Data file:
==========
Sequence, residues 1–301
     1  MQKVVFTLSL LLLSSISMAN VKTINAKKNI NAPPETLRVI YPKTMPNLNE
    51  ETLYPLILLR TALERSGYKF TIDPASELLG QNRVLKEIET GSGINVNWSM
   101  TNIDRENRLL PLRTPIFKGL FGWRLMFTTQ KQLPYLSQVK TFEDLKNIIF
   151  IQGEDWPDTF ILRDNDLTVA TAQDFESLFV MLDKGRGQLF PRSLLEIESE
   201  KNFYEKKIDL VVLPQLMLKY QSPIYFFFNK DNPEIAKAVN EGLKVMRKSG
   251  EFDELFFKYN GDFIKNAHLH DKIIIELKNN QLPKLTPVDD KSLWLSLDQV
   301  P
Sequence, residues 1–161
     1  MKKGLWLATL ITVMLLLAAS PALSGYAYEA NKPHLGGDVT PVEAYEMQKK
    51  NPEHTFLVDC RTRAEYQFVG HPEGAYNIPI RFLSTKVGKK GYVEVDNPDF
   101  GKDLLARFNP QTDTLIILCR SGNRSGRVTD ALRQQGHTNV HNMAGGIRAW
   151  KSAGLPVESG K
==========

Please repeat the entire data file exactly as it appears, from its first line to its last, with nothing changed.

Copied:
Sequence, residues 1–301
     1  MQKVVFTLSL LLLSSISMAN VKTINAKKNI NAPPETLRVI YPKTMPNLNE
    51  ETLYPLILLR TALERSGYKF TIDPASELLG QNRVLKEIET GSGINVNWSM
   101  TNIDRENRLL PLRTPIFKGL FGWRLMFTTQ KQLPYLSQVK TFEDLKNIIF
   151  IQGEDWPDTF ILRDNDLTVA TAQDFESLFV MLDKGRGQLF PRSLLEIESE
   201  KNFYEKKIDL VVLPQLMLKY QSPIYFFFNK DNPEIAKAVN EGLKVMRKSG
   251  EFDELFFKYN GDFIKNAHLH DKIIIELKNN QLPKLTPVDD KSLWLSLDQV
   301  P
Sequence, residues 1–161
     1  MKKGLWLATL ITVMLLLAAS PALSGYAYEA NKPHLGGDVT PVEAYEMQKK
    51  NPEHTFLVDC RTRAEYQFVG HPEGAYNIPI RFLSTKVGKK GYVEVDNPDF
   101  GKDLLARFNP QTDTLIILCR SGNRSGRVTD ALRQQGHTNV HNMAGGIRAW
   151  KSAGLPVESG K